Events over the last few years have taught us how quickly several areas of life can change. Among other things came the adaptability to emerging trends, with the medical world being one of them. Digital health and virtual care which were seen as mere tools of convenience turned in a matter of months into an absolute necessity.

As the scope and scale of telehealth scaled heights never visualized before and the healthcare system continued to improve, it was but evident that online healthcare treatments were not just a passing fad, but something that was going to become a part of the global healthcare system and remain in our lives for some time to come.

Once physical contact was eliminated, telemedicine acted as a protection shield for the frontline workers fighting an epidemic. Furthermore, making online appointments saved time and a lot of hassle. Unnecessary visits to a clinic for common health issues, which could otherwise be easily removed by telemedicine, saved a lot in costs.

Online care also became a reality for people staying in far-flung areas where medical institutions and services were inadequate or unavailable. The most admirable advantage was the patient’s choice to select from a range of specialists, rather than from a limited number of medical professionals in the area.

That said, telemedicine does not benefit all and there are bound to be situations when a doctor’s personal visit or care is deemed absolutely necessary. Despite being around for several years, telemedicine is still facing many challenges and roadblocks like:

  1. Online therapy has to achieve its full potential, local legislation to bring it on parity with traditional medical services should be ensured. For example, while the rates for telemedicine in the US are same as for in-person care, not all states adhere to the rule. As it currently stands, very few online therapy sites even work with insurance.
  2. Because telemedicine deals with highly sensitive patient data, security will always be a concern. While in the US online mental health platforms have to comply with the HIPAA act, all parties involved in delivering such services should also prove they are HIPAA compliant, which is not always the case.
  3. Teletherapy may be less intimate than in-person therapy
  4. Technological issues like WiFi signals or computer or phone breakdowns can compound the course of treatment.

Real telemedicine services vs scams

In April 2019, the FBI reported a multi-million dollar Medicare fraud scam and brought charges against 24 persons who were implicated in an international Medicare fraud ring.

With the sharp increase in telehealth services, the Medicare bust brings up important questions as to how safe telemedicine is? Are their services fraudulent or genuine? How can a consumer know if they are real or not? Here are a few ways to find out whether the telehealth service you have found are fake or real:

  1. If you are reassured that your health insurance will cover your payments, check with your insurance provider before moving forward.
  2. In most cases, telehealth services aim to work in tandem with virtual visits, as seeing a doctor is necessary for a first time major diagnosis. If your provider does not insist, dump him.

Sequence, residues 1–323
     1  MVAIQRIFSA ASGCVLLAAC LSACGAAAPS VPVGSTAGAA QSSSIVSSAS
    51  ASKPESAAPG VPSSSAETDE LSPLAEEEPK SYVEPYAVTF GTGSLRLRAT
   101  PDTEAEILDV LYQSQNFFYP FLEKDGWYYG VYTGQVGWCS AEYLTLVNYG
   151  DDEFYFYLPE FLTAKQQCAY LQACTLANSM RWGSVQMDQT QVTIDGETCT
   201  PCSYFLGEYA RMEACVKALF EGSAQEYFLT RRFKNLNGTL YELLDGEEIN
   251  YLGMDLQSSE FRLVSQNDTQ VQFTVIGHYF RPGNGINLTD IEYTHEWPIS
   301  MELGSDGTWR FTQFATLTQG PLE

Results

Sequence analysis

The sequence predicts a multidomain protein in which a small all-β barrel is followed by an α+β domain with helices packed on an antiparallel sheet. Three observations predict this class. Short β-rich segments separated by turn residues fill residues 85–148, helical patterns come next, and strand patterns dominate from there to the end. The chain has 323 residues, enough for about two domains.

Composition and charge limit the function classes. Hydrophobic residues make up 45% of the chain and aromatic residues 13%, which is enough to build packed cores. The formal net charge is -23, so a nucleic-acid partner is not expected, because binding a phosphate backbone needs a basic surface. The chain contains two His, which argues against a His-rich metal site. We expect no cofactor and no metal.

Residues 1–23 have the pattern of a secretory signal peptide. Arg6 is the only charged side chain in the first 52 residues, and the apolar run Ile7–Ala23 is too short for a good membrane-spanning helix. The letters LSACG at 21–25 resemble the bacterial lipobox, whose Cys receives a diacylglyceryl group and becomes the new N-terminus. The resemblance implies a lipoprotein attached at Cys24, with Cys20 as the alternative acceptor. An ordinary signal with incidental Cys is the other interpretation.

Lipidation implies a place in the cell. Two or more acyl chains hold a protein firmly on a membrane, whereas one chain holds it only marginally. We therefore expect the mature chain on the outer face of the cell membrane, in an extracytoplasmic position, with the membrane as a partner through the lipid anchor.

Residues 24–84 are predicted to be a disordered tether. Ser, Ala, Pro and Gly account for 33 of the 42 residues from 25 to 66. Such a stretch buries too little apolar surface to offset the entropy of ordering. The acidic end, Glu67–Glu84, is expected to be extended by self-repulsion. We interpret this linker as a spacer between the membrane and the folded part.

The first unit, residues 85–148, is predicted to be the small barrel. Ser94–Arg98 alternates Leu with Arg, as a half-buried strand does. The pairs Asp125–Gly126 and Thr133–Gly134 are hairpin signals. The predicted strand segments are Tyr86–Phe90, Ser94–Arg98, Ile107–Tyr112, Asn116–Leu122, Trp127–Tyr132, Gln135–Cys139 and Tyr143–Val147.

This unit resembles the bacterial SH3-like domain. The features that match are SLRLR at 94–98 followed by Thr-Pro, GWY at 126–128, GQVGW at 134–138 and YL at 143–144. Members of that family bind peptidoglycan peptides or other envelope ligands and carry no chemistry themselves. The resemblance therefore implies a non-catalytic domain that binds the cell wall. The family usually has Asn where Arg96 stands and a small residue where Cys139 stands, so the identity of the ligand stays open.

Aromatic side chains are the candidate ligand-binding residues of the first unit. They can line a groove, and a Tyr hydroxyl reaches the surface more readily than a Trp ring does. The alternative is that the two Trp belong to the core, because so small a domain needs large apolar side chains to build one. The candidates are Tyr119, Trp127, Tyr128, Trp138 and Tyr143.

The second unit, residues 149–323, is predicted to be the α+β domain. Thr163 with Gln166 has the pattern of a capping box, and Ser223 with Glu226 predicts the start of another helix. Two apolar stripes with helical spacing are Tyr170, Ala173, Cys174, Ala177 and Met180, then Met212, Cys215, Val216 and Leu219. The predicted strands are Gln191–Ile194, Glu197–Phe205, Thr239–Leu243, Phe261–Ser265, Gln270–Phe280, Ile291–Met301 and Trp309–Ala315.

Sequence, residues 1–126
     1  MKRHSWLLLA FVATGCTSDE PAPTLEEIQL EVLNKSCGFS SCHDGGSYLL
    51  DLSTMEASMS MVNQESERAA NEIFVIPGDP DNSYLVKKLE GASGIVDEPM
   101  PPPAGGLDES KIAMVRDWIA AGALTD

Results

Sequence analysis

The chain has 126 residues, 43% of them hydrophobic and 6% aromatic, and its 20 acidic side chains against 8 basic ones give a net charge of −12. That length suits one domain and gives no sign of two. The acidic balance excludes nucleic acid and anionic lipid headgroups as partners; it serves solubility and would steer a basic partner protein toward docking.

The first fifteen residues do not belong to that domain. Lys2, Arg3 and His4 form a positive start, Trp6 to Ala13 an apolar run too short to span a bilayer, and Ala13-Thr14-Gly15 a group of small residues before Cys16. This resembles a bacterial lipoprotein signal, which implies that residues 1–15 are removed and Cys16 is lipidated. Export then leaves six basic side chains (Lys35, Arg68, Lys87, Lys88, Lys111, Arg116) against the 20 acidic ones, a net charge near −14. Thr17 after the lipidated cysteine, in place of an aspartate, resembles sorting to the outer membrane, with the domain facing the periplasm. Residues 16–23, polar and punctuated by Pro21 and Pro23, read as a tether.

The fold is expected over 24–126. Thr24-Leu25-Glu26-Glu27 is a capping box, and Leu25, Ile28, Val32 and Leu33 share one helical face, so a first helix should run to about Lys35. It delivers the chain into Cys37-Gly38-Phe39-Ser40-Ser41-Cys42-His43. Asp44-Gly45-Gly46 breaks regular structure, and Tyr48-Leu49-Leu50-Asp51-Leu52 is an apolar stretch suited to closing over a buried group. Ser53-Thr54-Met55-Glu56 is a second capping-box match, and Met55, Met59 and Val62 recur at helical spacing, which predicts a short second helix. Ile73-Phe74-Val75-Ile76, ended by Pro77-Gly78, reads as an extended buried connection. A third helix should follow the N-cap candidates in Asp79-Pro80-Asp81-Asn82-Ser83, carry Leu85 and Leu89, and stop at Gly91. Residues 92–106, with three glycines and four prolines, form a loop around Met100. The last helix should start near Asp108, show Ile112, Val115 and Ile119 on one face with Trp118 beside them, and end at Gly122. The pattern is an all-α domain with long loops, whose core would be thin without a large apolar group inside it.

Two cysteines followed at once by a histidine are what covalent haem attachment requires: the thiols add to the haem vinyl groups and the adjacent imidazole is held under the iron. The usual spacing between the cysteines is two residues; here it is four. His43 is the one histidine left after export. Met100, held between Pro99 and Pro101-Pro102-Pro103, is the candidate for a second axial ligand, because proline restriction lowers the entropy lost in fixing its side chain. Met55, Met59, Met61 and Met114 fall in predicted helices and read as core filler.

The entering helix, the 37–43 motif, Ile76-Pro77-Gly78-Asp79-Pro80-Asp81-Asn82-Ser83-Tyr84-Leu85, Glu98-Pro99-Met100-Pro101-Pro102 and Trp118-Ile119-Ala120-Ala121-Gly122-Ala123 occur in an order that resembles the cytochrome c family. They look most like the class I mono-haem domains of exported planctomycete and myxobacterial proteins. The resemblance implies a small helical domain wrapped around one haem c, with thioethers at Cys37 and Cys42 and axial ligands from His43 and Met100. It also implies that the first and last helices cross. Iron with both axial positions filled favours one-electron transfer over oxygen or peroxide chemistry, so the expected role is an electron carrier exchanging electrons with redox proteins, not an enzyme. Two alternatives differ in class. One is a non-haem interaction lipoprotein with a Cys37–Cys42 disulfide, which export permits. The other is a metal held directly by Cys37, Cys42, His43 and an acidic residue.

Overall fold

3. A big RED flag is if your online physician is willing to write a prescription without meeting you. A cyber prescription is not only illegal but a sign of fraud.

Available online care treatments

Some of the conditions that can be treated very effectively with online therapy include:

  1. Addiction
  2. Bipolar disorder
  3. Depression
  4. Anxiety
  5. Eating disorder
  6. Anger management
  7. Interpersonal relationship conflicts

Again it is reiterated that though e-therapy is beneficial for a variety of conditions and complex issues, it is not a good option for a condition that requires direct or in-person intervention.

Digital transformations in the healthcare sector

The healthcare industry is entering into an area of digital innovation, as more and more patients wish to seek healthcare on their own schedule. That is not surprising, given that 77% of US citizens own a smartphone, while 97% own a cellphone of some kind, as featured in the Mobile Fact Sheet as of April 2021.

From Pharma giants to startups, everyone is putting their money in virtual therapy and there are numbers to prove it. The global healthcare market is expected to touch $5.1 billion by 2025 as per a report by Grand View Research Inc and $9.5 billion by 2028 at a CAGR of 27.2% from 2021 onwards.

Another trend of this digital transformation in healthcare is the collection of data from medical devices like wearable technology. In the past, physical checkups were done around once a year, but in the digital age patients are focussing on their health more frequently. Some of the most common devices which are in vogue are:

  1. Oximeters
  2. Exercise trackers
  3. Heart rate sensors
  4. Sweat meters

In the palm of your hand

The healthcare industry is undergoing a major shift in how information is obtained and then disseminated. The days when all medical information was kept under a lock and key by doctors and patients had to sign on their lives for access to health information are now a thing of the past. Consumers can now access all health records from the palm of their hands.

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